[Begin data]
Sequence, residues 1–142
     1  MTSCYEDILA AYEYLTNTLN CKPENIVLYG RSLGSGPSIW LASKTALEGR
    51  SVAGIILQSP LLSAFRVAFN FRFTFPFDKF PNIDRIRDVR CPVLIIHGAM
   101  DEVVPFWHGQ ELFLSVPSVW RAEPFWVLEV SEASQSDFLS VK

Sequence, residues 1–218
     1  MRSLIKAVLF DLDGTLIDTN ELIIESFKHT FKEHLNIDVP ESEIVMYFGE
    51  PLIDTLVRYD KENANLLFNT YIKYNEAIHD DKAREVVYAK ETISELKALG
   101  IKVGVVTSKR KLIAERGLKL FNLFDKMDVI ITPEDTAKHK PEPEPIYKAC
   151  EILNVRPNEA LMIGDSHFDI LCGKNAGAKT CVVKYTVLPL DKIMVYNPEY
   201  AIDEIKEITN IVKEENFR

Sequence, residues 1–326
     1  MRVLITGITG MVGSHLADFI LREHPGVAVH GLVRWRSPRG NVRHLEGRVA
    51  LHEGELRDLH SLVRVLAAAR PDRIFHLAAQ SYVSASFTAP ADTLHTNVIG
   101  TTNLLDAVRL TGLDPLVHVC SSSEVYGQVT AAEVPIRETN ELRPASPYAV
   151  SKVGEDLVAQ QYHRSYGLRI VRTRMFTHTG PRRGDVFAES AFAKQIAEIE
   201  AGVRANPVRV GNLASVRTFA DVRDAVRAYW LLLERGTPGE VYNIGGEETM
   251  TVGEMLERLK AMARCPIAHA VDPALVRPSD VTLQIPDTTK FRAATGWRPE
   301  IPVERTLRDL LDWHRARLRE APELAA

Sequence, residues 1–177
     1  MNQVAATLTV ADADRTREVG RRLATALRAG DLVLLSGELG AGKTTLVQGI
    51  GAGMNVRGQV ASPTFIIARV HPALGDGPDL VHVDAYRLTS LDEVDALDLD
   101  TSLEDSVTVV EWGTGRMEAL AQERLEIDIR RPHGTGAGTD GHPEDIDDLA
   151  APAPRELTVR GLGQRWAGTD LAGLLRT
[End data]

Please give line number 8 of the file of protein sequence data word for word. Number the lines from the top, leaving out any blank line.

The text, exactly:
   101  IKVGVVTSKR KLIAERGLKL FNLFDKMDVI ITPEDTAKHK PEPEPIYKAC